In September, I traveled to Portugal solo. One night, while eating dinner, an older couple beckoned me to join their table. The wife--a woman in her 70s with long silver hair cascading down over her shoulders--asked me what I do for a living.
"I am a dating coach and writer," I replied.
Amused by my answer, she pointed to her husband and said, "We just got married two years ago."
I smiled, anticipating a wonderful story.
No stranger to heartbreak, this woman survived an emotionally-abusive marriage while raising four children.
"I eventually mustered the courage to leave my ex-husband," she said. "But, those years broke me. Devastated, I spiraled into a deep depression. I ended up in a mental hospital."
"I'm so sorry to hear it," I responded.
With an impish grin, she laughed, "Oh, don't be sorry! It was such a blessing—finally I had some peace and quiet! It gave me a wonderful opportunity to heal and put myself back together."
In the years that followed, she lived on her own terms. She left a career in nursing to drive a mobile library. She tended an organic garden. She ushered her last child into adulthood.
Fully at peace with her own life, she met John--a widower who had been living on his own for almost a decade.
I asked where they met. Her answer surprised me.
"Where else? The internet! I was on a website called 'Plenty of Fish,'" she laughed. "He kept emailing me. I finally had enough and said, 'Let's meet!' And, we’ve been inseparable ever since."
I asked her what drew her to John--a quiet, good-humored and reserved man.
"He was kind," she answered. "And, I knew that life was better savored with a companion. Now, we travel through Europe, staying at $10 per night hostels. I feel like a kid again!"
I asked John what attracted him to his wife. He said, "She is alive. And, despite the challenges that she has faced, she is still optimistic and happy."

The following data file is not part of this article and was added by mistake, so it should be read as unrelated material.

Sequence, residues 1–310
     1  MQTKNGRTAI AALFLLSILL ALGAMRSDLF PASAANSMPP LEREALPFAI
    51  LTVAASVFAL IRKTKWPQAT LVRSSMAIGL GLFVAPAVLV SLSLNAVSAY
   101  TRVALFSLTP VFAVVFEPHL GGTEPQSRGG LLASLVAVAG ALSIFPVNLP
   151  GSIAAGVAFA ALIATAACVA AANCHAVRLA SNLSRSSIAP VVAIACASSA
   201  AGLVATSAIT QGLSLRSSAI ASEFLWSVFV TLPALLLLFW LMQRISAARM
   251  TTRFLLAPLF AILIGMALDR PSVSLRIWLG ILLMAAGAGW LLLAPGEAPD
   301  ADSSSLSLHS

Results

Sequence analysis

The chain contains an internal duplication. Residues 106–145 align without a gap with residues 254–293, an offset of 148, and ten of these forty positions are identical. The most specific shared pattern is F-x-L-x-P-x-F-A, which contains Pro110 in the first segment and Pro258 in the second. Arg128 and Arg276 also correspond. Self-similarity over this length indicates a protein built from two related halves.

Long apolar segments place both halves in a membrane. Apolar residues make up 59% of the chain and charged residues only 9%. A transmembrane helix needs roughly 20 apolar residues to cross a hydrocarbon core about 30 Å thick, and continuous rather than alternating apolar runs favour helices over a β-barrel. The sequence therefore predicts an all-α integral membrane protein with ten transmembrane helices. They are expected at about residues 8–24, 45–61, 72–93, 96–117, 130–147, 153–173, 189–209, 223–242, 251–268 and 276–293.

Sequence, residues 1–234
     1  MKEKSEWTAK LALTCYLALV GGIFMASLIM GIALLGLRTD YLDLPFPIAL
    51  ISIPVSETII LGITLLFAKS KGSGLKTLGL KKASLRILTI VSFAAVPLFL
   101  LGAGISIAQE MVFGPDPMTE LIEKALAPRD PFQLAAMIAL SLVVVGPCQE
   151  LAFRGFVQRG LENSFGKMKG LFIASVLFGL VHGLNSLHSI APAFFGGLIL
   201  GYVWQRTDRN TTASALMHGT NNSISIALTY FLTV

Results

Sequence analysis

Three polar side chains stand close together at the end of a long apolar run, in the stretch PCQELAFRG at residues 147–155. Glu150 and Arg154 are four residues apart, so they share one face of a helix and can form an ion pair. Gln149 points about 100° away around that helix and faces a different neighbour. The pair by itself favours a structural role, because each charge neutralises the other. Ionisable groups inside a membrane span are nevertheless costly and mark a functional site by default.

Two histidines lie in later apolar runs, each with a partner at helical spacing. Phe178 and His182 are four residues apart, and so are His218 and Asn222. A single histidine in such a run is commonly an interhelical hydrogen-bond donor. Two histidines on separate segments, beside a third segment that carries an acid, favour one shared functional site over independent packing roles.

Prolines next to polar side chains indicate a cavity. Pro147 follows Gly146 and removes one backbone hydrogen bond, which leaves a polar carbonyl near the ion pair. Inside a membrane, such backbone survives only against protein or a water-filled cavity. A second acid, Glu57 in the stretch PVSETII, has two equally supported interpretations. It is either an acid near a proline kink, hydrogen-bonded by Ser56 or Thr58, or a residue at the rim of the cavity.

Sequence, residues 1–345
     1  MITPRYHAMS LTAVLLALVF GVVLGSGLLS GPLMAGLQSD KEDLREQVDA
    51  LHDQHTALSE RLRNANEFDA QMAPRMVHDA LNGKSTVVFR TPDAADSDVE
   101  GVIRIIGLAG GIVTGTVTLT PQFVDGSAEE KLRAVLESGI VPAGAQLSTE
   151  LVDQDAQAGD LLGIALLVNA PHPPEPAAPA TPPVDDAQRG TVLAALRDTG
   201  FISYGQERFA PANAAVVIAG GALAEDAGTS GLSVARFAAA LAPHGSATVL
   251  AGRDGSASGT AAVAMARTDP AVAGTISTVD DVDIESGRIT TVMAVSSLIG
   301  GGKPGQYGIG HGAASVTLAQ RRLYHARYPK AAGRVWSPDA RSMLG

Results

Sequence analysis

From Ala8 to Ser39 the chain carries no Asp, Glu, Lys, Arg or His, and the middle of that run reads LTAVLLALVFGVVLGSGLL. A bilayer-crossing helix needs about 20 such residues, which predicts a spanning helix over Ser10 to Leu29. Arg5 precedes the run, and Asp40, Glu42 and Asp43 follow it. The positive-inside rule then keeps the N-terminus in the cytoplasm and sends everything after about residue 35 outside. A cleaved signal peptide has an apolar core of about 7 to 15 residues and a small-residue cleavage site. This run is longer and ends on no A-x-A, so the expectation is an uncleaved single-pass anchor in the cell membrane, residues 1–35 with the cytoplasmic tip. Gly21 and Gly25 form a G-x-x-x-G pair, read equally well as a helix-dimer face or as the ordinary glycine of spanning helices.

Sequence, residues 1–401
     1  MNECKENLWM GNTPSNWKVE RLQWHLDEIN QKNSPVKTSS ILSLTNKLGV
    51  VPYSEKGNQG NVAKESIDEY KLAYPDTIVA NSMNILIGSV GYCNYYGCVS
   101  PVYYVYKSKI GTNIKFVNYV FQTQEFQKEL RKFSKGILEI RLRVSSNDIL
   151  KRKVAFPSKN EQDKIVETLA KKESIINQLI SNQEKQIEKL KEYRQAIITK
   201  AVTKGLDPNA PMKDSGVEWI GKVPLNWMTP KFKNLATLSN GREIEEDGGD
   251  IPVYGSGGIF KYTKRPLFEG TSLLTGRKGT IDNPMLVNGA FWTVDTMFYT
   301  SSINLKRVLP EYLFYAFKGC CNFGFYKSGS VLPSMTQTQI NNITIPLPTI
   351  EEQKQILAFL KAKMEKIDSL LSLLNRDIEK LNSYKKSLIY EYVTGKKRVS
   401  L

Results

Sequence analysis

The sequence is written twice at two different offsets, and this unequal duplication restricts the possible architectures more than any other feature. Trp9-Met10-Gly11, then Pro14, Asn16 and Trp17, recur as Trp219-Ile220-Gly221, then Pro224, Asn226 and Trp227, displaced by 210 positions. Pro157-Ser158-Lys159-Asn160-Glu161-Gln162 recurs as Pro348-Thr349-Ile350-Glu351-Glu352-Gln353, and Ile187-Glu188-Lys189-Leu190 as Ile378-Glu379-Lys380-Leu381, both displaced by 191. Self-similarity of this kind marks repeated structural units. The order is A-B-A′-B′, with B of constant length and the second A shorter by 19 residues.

I am often asked the best age to find love. Love, in my opinion, has no expiration date. I have clients in their 50s, 60s and 70s who are wildly successful. The key to their happiness? A deep understanding of the following:
1. Age is nothing but a number.
Have you ever met a 20-year old who lacks vitality and spends his days glued to Facebook? Or a 60-year old with the joie de vivre of a teenager? If so, you understand that age is relative.
2. Opportunity is everywhere.
This week, I consulted with two potential clients—both in their early 60s. One sees a world of scarcity--she laments that men only want younger women. The other sees a world of abundance. She crafted a captivating online profile, signed up for classes where she can expand her social circle and says “yes” to all invitations. Guess which of these two is NOT sitting home on Saturday night?
3. Great love is richer for experience.
While young love is wonderfully innocent and sweet, mature love can be more satisfying and is often a beautiful counterpoint to loss and heartbreak.
4. Life breaks everyone. The courageous find purpose, meaning and opportunity.
A new client lost her husband to brain cancer and nursed him until the end. She has every reason to be bitter, but instead is using her experience to teach others how to be caregivers. After 29 years off-the-market, she is excited to date. She radiates gratitude, optimism and strength. It’s not surprising that men are drawn to her vivacious spirit.
5. Dating is a learned skill. It’s never too late to learn.
Some people get lucky—they meet their soul mate early. But, most others will experience a fair share of failure along their journey. Failure isn’t a problem, unless you get mired in pessimism and fail to learn from your mistakes.
Make no mistake--there is a right way to date. To have a successful relationship, you have to get real and work to build up your self-esteem. But, the good news is that with diligence and effort, it’s never too late to turn your love life around. Plus, it’s an investment that will keep you young.